Chapter 7

The Best Day’s Fishing Ever

I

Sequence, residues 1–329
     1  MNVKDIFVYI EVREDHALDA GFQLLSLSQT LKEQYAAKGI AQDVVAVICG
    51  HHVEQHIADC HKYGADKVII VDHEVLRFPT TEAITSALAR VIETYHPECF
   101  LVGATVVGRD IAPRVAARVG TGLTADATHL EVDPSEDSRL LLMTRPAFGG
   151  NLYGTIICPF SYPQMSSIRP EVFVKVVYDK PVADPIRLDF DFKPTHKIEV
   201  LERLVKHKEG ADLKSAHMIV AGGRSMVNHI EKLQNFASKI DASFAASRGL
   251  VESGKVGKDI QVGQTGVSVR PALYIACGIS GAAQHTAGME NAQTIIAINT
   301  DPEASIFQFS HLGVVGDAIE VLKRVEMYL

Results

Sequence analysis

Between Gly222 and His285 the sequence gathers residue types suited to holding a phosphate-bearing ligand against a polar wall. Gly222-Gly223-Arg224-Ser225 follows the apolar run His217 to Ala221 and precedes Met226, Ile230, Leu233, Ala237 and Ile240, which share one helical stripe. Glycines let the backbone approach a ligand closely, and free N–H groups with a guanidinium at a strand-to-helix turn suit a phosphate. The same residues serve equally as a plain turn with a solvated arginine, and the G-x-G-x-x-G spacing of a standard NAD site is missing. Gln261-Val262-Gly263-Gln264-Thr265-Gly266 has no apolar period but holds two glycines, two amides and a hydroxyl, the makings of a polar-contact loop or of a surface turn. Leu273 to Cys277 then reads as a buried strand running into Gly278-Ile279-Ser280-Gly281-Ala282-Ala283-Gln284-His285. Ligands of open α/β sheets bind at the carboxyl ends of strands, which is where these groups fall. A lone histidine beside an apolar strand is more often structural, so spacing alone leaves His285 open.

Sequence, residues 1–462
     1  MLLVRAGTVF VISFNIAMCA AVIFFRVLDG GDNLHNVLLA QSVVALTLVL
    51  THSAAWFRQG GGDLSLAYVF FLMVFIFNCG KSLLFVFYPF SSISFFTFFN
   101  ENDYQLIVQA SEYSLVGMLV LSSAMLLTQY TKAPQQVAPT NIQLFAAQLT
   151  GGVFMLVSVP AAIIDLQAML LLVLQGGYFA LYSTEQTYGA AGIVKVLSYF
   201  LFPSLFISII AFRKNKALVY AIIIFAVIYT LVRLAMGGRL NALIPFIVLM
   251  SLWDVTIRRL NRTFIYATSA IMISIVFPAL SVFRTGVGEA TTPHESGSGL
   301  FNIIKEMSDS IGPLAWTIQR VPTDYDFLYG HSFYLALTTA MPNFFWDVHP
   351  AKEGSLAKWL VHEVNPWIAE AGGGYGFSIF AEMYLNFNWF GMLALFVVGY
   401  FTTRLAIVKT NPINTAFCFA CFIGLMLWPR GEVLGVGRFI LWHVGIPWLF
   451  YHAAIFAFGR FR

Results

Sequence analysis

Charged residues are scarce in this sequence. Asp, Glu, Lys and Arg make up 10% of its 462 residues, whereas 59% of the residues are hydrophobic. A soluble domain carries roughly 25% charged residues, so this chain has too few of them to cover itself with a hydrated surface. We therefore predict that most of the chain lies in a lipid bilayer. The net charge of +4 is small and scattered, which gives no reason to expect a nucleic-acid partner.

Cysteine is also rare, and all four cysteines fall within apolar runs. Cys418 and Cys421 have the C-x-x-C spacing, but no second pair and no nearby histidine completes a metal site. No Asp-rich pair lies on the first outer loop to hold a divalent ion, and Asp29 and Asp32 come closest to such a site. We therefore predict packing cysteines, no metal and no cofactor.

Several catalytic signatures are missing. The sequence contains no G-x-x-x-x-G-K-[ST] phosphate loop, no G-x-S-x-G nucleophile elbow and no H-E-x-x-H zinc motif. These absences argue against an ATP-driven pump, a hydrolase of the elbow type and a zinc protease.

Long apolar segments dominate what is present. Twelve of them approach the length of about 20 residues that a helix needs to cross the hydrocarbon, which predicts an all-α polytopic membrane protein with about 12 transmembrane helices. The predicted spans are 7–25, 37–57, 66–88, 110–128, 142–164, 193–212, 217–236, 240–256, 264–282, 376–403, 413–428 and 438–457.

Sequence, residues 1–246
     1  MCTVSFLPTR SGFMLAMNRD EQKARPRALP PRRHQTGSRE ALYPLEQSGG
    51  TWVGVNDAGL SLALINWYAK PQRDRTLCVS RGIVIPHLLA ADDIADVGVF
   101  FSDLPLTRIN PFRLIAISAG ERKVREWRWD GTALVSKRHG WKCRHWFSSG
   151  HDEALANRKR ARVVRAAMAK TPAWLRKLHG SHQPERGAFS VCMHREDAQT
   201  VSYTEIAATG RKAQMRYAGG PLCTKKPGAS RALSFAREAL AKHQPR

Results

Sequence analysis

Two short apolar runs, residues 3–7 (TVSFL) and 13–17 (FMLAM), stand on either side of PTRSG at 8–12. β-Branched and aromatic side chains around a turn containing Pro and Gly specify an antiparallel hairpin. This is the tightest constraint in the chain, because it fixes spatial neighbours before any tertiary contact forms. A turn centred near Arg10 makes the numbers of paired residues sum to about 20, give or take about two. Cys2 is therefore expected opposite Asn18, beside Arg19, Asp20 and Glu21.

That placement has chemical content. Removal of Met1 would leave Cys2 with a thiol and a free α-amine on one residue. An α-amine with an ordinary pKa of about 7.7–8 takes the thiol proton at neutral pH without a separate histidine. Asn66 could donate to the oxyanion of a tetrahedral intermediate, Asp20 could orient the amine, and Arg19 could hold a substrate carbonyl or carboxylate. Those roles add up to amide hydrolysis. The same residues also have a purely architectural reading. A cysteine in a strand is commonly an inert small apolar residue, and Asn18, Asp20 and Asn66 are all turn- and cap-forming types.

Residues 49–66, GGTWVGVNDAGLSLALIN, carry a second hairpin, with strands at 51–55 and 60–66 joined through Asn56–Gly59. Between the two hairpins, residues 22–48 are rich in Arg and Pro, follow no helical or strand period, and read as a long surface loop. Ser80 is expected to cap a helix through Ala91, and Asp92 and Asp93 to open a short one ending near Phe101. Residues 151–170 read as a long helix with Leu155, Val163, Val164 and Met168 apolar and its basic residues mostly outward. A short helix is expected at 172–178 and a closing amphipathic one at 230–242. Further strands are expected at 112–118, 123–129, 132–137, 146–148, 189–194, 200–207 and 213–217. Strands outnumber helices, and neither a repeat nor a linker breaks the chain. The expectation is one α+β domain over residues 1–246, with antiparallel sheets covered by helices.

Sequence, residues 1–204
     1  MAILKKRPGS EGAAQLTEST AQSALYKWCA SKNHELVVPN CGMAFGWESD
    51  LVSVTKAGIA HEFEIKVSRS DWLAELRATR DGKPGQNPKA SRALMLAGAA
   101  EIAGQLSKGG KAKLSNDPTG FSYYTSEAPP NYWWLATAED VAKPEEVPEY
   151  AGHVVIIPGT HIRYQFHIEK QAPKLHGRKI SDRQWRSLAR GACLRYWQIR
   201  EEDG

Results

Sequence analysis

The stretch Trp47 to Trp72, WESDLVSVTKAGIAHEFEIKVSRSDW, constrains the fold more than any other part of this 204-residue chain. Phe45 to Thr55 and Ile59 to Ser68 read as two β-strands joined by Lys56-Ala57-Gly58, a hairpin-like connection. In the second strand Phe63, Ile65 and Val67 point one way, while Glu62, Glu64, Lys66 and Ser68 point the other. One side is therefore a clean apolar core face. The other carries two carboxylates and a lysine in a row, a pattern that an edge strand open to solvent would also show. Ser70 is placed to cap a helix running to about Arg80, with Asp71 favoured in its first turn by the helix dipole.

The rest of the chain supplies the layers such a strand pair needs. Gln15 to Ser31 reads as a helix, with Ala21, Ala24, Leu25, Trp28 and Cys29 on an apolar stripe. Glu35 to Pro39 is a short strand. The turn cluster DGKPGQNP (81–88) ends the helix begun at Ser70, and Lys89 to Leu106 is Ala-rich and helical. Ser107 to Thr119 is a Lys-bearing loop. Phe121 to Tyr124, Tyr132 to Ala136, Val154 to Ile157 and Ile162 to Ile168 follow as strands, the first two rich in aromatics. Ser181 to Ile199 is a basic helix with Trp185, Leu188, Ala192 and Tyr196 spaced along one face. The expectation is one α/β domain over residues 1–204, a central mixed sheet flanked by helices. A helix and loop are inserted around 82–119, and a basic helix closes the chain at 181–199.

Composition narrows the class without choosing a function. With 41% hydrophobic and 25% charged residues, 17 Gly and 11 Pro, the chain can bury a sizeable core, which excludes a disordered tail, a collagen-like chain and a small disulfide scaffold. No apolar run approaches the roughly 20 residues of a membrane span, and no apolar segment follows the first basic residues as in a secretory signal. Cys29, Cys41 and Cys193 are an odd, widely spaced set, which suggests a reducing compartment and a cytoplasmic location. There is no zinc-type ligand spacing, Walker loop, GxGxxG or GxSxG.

n fishing, as in every aspect of life, there are bad days and there are good days and there are extremes of each. But while some are really terrible, our recollection of them tends to be erased by those magic few good days that are truly exceptional. It’s a phenomenon familiarly called ‘rose-tinted spectacles’, and it’s lucky for us it that doesn’t happen the other way round. If it did, we’d lose the confidence and optimism we need to inspire us to ever go fishing again. Indeed we might not even want to go on living at all. The best day’s fly fishing I ever had didn’t happen in New Zealand or Alaska or Russia or Outer Mongolia, but on a dull, overcast, wet and windy afternoon on Northern California’s Hat Creek over thirty years ago. If you’re expecting a tale involving a multiple catch of big double-figure, wrist-cramping bruisers you’re going to be disappointed, because I think the biggest fish was a 20-inch, three-pound brown